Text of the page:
Regardless of any garden budget drive, sometimes you’ve got to treat yourself. When I saw these beautiful British made garden sieves from Hill and Sons, payday couldn’t come fast enough.
I’ve been wanting to have a go at making my own potting compost for a while now, and after exchanging emails with the very friendly and helpful Damien, I plumped for an 18-inch sieve, with a 1/8 inch mesh.
The sieve arrived promptly and spent the first evening sat on the kitchen table where I could just gaze at it. Made from beechwood, there was a part of me that didn’t want to use the riddle, such was the lovely lines and aesthetic pleasure provided by this traditional garden tool.
On Monday, I finally set about mixing equal part leaf mould, molehill soil, and my own kitchen compost. After half an hour of satisfying sieving in the sunshine, I’d created a big tubful of gorgeously crumbly soil.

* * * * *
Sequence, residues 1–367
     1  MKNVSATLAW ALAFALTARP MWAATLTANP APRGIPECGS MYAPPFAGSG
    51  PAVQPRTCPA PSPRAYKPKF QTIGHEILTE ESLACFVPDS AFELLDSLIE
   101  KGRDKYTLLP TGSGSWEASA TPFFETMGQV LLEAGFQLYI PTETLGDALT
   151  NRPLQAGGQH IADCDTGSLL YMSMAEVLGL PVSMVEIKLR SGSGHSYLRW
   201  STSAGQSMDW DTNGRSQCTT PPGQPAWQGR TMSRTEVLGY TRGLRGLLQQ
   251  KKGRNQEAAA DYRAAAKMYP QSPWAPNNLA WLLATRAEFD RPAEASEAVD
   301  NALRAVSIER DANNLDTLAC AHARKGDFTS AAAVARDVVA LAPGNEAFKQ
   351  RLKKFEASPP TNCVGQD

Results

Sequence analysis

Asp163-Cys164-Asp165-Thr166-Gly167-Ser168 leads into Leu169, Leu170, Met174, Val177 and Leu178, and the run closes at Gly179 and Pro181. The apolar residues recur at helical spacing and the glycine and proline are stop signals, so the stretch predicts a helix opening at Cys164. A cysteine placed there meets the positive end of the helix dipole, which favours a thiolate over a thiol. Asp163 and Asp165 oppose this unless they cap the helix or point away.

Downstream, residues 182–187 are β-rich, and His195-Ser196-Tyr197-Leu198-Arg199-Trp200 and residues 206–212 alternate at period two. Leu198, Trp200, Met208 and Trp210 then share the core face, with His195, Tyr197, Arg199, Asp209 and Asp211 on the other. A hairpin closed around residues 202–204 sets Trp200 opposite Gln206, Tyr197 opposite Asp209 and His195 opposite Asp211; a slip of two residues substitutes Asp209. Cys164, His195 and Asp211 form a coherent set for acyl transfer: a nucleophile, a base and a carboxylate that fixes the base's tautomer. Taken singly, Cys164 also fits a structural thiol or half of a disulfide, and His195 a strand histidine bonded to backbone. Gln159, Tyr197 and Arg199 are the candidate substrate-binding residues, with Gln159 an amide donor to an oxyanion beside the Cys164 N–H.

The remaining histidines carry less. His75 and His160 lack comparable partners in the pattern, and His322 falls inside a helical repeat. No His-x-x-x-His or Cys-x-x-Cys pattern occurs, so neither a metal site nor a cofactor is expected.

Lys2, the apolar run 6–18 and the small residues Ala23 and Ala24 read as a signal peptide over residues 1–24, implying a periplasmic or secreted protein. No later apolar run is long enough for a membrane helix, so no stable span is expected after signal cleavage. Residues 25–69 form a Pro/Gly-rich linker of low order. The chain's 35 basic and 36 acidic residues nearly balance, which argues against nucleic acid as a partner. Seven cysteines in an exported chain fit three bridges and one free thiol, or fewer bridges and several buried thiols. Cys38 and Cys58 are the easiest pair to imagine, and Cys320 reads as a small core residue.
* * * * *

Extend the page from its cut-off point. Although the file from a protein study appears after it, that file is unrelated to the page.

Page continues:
Since I began growing my own, I’ve enjoyed some incredibly gratifying moments, but I’ve got to say that using the sieve to fashion such lovely soil is right up there with my favourites. I’ve discovered something that not only fulfills the romantic and thrifty part of my personality but gives me a real sense of reward too.
The sieve is a joy to use. Lightweight but sturdy, it works particularly well if you can find a vessel with of similar diameter to sit the sieve on and push the soil around the mesh.
Hill and Sons’ sieves are available in a number of different sizes, and the pastel colour 8-inch heritage potting sieves are a thing of splendour too. They also offer traditional dibbers, trugs, and birdboxes, all made from their base in the Peak District.
I don’t recommend much on Real Men Sow, but sometimes something handsome and wonderful comes along that you want to tell the world about. Check out Hill and Sons products on their website.
A big thank you to Damien at Hill and Sons for his help choosing a sieve, and for manufacturing my new favourite gardening tool.